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Politics Tobacco companies prepare to fight Ottawa’s plain-packaging plan

A proposed standardized cigarette package is displayed in front of a variety of cigarette packages available now.

Adrian Wyld/THE CANADIAN PRESS

The federal government is preparing to unveil the initial stages of its plan to force cigarette manufacturers to sell their products in plain packaging – a move that is expected to launch a heated legal battle between Ottawa and the tobacco companies.

Government sources said the first measures would be announced Tuesday in conjunction with the World Health Organization's annual No Tobacco Day, which this year will focus on the international effort to restrict the use of logos, colours, brand images and promotional materials on tobacco products.

"There's obviously going to be a fair amount of work involved in making a change of that kind of scope," said David Clements, a spokesman for Health Minister Jane Philpott. Mr. Clements was not among the government officials who confirmed the Tuesday announcement, but he pointed out that Dr. Philpott has said that plans for the plain-packaging requirement are moving forward.

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"We would definitely have to consult with retailers," he said. "We would probably want to consult with the Canadian public in terms of getting some feedback about what is effective."

The Liberals promised during last fall's election campaign to introduce plain-packaging requirements for tobacco products similar to those in Australia, Britain and France. And the mandate letter handed to Dr. Philpott by Prime Minister Justin Trudeau says she must act on that commitment.

In other countries where there has been an attempt to make plain packaging mandatory, tobacco companies have fought back.

"We believe, like any other legal industry or company, that we have the right to have our trademarks on our products," Eric Gagnon, director of corporate and regulatory affairs for Imperial Tobacco Canada, said on Monday. "Like any other industry, we are going to defend against ineffective and excessive regulation that is only what we believe to be a potential public relations effort by the government."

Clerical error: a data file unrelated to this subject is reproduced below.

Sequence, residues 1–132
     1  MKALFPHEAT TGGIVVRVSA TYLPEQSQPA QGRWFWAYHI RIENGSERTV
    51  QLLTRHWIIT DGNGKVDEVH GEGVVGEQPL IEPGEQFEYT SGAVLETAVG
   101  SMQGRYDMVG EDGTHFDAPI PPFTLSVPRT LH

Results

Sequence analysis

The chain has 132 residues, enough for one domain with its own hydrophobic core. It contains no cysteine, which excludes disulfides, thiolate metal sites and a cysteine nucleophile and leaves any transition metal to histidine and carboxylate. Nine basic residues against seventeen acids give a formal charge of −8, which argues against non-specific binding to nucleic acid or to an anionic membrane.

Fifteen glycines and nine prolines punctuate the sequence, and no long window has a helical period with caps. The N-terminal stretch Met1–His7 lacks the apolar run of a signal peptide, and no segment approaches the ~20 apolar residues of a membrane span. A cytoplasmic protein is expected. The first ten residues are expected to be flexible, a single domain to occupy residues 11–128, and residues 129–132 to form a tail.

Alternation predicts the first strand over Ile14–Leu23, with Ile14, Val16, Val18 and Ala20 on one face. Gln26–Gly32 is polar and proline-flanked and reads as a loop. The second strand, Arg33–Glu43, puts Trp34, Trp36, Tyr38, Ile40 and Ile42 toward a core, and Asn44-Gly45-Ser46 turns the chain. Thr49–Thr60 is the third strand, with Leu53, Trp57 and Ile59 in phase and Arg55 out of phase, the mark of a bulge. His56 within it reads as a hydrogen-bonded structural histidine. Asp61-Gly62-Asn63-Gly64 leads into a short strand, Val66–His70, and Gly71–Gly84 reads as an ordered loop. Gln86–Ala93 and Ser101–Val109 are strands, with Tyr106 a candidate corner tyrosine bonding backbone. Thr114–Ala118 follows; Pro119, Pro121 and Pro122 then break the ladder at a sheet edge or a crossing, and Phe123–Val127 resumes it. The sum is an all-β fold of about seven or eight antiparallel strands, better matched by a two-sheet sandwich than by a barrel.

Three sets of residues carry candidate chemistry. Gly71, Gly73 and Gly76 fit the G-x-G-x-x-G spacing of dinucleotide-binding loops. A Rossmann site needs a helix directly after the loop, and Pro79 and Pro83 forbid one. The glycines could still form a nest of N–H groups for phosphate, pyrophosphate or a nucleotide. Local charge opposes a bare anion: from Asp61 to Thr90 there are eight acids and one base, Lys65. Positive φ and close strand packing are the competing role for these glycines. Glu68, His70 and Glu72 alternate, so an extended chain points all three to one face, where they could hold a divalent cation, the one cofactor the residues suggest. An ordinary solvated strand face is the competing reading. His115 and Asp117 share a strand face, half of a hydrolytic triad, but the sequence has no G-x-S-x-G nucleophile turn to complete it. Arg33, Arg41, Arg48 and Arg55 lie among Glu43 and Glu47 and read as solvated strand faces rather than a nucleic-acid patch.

When asked if that meant tobacco companies would be taking the Canadian government to court, Mr. Gagnon said his company would first have to see what is introduced. "But if it is excessive and if it infringes on our rights, it's one of the considerations for the future," he said.

Earlier this month, the British High Court of Justice ruled against a challenge to the plain-packaging rules that had been brought by four tobacco companies. Australia was also hit with legal action from the tobacco industry when it introduced the requirement for plain packaging in December, 2012, challenges that were also dismissed by that country's courts.

A study conducted in 2014 by the Centre for Behavioural Research in Cancer in Melbourne found the objectives of the plain packaging had been achieved. Australian smokers said they found the packages had less appeal, they perceived the quality of the cigarettes to be lower and they took more notice of the health warnings that some said provided a motivation to quit.

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Another study released several months ago found that the consumption of tobacco products in Australia was down more than 20 per cent in the three years after the plain-packaging requirement was introduced – something tobacco companies say is simply a continuation of a historical trend.

In Canada, tobacco is already subject to heavy regulation, Mr. Gagnon said. Cigarettes must be kept out of public sight, 75 per cent of the packages are already covered with health warnings and the general awareness of the health risks is high, he said.

Health warnings are expected to continue if plain packaging is approved for tobacco products in Canada.

Rob Cunningham, a senior policy analyst with the Canadian Cancer Society, said tobacco products are addictive and lethal, and should not be allowed to be sold in packages that make them more attractive. Bans on broadcast and print ads make the package the most important type of advertising still available to tobacco companies, he said.

Garfield Mahood, president of the Campaign for Justice on Tobacco Fraud, said he expects the Liberals will be in the third year of their current mandate before plain packaging becomes law in Canada, given all of the consultations required to avoid rejection by the courts.

"Industry documents, combined with minimal understanding of marketing and common sense, tell you that the branding on the packaging, including the makeup of the package itself, is probably the most valuable asset that the industry has to market its products," he said.

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